There's no way that you have designed anything, not even lunch.

                  I do need a good laugh however so feel free to tell me what your multiple degrees are in.

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                  • #19
                    Originally posted by Developer12 View Post

                    Are you joking? You're basing all of this on a wikipedia article on computer components from 3 decades ago? That minor blurb about modern hardware in an article focused on hardware from the 80's and 90's could be called a gross aproximation/simplification *at best.*

                    You even left on the highlight option in the URL from when you hurriedly googled that link.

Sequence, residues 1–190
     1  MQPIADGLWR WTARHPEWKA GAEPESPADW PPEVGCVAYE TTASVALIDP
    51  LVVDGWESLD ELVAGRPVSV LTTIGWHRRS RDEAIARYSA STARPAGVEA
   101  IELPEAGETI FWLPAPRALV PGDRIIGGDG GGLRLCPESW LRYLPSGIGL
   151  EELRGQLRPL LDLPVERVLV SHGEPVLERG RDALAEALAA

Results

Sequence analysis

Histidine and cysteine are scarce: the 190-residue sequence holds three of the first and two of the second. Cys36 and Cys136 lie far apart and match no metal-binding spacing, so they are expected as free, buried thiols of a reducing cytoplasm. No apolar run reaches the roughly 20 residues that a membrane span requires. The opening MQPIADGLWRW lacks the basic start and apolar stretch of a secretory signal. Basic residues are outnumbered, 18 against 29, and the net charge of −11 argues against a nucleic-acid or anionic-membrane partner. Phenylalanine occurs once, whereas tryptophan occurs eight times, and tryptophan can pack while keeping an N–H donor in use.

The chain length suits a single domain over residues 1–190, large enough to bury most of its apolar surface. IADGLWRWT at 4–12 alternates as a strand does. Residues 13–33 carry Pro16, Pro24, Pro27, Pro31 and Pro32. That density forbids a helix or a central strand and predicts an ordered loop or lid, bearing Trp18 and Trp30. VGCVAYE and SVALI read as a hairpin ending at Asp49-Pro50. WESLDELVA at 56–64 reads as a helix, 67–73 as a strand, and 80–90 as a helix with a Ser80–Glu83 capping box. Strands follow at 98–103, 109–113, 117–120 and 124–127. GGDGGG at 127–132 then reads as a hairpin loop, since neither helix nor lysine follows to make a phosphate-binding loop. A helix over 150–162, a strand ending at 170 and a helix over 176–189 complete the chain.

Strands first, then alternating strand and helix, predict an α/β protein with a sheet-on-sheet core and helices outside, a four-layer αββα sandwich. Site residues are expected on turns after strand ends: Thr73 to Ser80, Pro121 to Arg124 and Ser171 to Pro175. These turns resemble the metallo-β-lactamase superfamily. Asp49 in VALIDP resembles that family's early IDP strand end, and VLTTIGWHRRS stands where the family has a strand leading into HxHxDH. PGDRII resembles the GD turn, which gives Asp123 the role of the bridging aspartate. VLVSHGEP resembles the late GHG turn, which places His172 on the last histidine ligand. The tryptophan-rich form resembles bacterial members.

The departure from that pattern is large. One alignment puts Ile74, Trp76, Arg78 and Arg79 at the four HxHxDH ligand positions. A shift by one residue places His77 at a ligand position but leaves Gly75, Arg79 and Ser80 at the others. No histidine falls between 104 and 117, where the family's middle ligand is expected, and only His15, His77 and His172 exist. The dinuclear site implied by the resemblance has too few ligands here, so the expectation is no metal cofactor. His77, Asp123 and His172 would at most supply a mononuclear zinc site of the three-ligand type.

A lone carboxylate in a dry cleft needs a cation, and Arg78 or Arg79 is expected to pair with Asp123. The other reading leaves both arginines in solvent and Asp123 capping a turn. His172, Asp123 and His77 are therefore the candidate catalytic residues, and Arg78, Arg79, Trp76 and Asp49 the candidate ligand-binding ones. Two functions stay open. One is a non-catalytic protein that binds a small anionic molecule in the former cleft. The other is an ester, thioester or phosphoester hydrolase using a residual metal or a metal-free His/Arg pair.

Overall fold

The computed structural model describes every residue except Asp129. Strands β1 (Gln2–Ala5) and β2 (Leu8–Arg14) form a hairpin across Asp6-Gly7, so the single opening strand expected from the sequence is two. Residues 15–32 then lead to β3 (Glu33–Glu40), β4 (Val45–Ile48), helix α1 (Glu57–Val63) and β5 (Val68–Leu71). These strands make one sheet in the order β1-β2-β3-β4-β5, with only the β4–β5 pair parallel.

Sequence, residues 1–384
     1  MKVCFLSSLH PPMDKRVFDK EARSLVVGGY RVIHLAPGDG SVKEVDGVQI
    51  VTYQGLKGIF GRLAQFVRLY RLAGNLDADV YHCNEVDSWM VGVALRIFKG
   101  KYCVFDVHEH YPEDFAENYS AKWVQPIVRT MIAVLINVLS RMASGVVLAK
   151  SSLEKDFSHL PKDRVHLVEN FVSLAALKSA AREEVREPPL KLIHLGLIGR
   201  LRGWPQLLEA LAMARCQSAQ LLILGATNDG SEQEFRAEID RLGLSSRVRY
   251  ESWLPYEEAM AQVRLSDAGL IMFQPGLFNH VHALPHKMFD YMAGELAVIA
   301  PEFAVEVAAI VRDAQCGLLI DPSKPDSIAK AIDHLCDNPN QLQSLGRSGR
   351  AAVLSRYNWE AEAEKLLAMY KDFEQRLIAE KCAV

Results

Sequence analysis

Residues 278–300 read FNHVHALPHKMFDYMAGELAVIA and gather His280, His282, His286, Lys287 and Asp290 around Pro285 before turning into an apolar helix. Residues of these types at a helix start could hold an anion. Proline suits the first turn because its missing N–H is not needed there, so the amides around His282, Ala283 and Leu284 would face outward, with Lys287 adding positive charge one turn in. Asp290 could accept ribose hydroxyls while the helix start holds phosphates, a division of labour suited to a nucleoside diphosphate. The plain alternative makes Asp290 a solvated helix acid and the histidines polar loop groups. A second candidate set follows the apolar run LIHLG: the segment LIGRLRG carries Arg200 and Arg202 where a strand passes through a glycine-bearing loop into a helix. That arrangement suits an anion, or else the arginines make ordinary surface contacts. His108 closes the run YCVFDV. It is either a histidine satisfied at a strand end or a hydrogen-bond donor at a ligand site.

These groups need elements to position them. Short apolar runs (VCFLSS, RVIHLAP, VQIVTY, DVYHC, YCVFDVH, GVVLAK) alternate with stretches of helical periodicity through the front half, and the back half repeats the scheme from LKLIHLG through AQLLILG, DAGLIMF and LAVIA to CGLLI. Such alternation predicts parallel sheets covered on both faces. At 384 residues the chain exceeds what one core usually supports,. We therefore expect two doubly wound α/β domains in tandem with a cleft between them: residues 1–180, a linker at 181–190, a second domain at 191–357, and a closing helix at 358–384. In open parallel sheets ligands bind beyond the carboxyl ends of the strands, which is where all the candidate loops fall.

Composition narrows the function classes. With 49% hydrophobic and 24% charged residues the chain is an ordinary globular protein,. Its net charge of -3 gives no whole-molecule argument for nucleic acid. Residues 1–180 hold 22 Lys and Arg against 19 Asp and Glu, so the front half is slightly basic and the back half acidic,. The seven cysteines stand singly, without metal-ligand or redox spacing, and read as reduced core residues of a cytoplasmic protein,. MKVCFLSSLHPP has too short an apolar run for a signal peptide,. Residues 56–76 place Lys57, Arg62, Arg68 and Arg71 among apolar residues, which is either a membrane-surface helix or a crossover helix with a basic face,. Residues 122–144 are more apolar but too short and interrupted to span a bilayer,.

I am basing it on the fact that as far back as 20+ years ago colleges were teaching students that FPU no longer existed, the fp registers had been incorporated into the SIMD unit:



                    Intel's current main floating point unit is called SSE. This includes:
                    • A brand new set of registers, xmm0 through xmm15. xmm0 is used to return values from functions, and as the first function argument. They're *all* scratch registers; a perfectly anarchist setup. Save things to memory before calling any functions, because everything can get trashed!
                    • A brand new set of instructions, like "movss" and "addss".


                    This is not disputable, it is a fact that on Intel CPU's the fp registers are integrated into the SIMD unit and if you ever wrote any assembler you would know this.​

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                    • #20
                      SPEC CPU2017 Run and Reporting Rules

                      2.2.3: Feedback directed optimization is allowed in peak.


                      2.3.6. Feedback directed optimization must not be used in base.